Founders & freedom of association
tomwest at ACAD.UDALLAS.EDU
Wed Apr 19 12:44:21 PDT 2000
Marty Lederman asks: "Am I missing something? The founders'
opposition to the practice of slavery leads inexorably to the
conclusion that employers should be permitted to discriminate on
the basis of race/sex/religion/etc. in hiring their employees?"
I respond: Yes, you've got it just right. In the earlier
understanding, freedom in the private sphere generally meant
each person was free to associate with those he wanted to. That
was true for friendships, clubs, private gatherings, churches,
private schools, as well as places of employment.
For earlier Americans, workplace freedom was guaranteed not by
antidiscrimination laws, but by laws securing freedom of
contract. No one can force me to work for any particular
employer; nor can anyone force me to hire any particular worker.
As long as the market remains free, everyone will be able to find a
place to work or start his own business.
Today's view is different. We view businesses not as private
associations but as a "public trust," as they used to say in the
New Deal. The consequence is that every workplace in America
has become increasingly politicized, as the fads blowing through
the political world are coercively imposed on employers.
In the older view, employers could of course fire workers for any
reason, including things they said either at work or away from
work. But government was not allowed to coerce employers into
firing workers that it (government) disapproves of (e.g.
harrassment law). Nor was government allowed to coerce
employers into hiring workers that it (government) favors (e.g.
"civil rights," i.e., preferential treatment laws).
Today, you are allowed to associate freely with your fellow
Christians (or Jews or Moslems) in the workplace only if you can
demonstrate that your association is for "expressive" purposes--
e.g., a church.
My question is: why should we think it an advance for liberty
when we only permit certain narrowly defined exceptions to the
general rule, which is that government will not permit freedom of
association in the workplace?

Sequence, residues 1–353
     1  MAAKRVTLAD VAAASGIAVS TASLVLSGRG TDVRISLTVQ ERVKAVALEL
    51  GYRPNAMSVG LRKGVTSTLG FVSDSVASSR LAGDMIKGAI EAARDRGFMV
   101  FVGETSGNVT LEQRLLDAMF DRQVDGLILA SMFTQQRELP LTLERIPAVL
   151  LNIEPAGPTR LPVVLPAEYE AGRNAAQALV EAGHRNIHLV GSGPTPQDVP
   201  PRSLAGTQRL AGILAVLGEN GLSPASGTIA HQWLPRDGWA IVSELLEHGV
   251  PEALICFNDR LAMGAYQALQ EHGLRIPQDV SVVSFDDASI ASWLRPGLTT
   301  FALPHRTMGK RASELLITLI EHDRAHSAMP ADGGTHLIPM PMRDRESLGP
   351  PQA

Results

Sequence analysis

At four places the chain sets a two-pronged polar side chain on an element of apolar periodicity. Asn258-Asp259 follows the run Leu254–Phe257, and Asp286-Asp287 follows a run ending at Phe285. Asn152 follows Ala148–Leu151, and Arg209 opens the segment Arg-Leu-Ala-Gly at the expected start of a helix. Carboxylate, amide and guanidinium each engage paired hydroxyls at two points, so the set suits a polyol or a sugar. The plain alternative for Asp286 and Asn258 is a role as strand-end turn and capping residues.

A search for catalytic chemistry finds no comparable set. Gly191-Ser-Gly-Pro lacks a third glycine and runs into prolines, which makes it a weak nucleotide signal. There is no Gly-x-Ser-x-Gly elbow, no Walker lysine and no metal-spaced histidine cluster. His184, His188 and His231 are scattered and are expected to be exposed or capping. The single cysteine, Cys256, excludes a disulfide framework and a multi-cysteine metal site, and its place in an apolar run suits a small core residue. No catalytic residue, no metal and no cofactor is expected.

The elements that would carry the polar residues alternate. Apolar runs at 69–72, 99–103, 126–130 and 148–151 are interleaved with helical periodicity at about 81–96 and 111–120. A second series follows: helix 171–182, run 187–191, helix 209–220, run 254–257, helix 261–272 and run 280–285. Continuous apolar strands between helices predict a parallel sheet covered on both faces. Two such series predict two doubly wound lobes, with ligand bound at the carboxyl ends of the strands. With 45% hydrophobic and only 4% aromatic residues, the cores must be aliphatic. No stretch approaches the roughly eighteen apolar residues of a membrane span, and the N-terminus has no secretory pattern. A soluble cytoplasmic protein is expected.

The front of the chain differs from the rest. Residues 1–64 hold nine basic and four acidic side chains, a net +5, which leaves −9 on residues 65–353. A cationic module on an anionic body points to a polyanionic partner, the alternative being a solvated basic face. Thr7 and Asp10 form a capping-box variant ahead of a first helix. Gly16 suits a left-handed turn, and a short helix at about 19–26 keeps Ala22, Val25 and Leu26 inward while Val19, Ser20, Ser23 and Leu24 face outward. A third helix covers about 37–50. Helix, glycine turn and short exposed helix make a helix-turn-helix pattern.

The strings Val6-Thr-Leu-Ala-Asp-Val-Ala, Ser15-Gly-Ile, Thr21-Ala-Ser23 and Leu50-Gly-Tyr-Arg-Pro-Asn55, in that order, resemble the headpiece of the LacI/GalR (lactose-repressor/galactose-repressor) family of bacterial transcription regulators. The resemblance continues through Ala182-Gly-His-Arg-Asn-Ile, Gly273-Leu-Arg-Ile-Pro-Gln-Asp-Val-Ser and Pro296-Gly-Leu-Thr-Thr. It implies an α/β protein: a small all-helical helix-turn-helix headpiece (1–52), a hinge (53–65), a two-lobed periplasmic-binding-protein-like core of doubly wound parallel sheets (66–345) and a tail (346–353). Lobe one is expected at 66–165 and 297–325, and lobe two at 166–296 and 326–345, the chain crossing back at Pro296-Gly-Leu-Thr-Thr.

Leslie Goldstein writes: "I agree with Marty that none of this
seems to tie to West's claim about a right to engage in
discrimination (Frederick Douglass had the answer on that one--
Freedom to decide whom one invites into one's living room is not
the same as freedom to decide who gets to participate on an
equal basis in the sphere of civil society, the public realm, which
Justice Washington knew as far back as _Corfield v. Coryell_
included the sphere of buying and selling [to the public] in the
public world of the marketplace [and buying a ticket on a train is
no less buying than buying a piece of property is]."
I agree with Leslie that one must distinguish between public and
private. I agree that "public accommodations," such as railroads
and hotels on public roads, are public accommodations that
should be legally compelled to be open to the general public. As
I understand it, this was part of the older common law. The right
to buy and sell property, sue and testify in court, etc., are also
civil rights that the earlier Americans would have agreed are
basic to liberty.
But how does one get from this to the position that a private
employer must hire the people that the government thinks best,
or that a private organization like the Jaycees must open its doors
to those the government thinks it ought to include?
Didn't Fredrick Douglass say, when asked what government
policy toward blacks should be, that there should be no such
policy, on the ground that laws should apply to all equally, and
that no group should be singled out by the law for special favors
or ill treatment?
Paul Finkelman wonders how I can be so certain that the
Founders "would support his notion of imposing one religion on
another. Furthermore, it is curious that he [does] not have any
problem with allowing employers to discriminate on the basis of
Religion, which is surely as important as race in creating an equal
This paragraph is a perfect statement of the difference between
the Founders' view of liberty and today's liberal position. For the
Founders, the purpose of govt was to protect civil and religious
liberty, meaning (at a minimum) that government should never
coerce people to associate in their private life with people whose
religious views they disagree with. Yet Prof. Finkelman thinks we
cannot have an "equal society" unless government compels
employers to be "secular." That is, to have an "equal society"
government must punish employers who want to hire and
associate with their fellow believers.
Thomas G. West
Professor of Politics, University of Dallas and
Senior Fellow, The Claremont Institute
1845 E. Northgate
Irving, TX 75062
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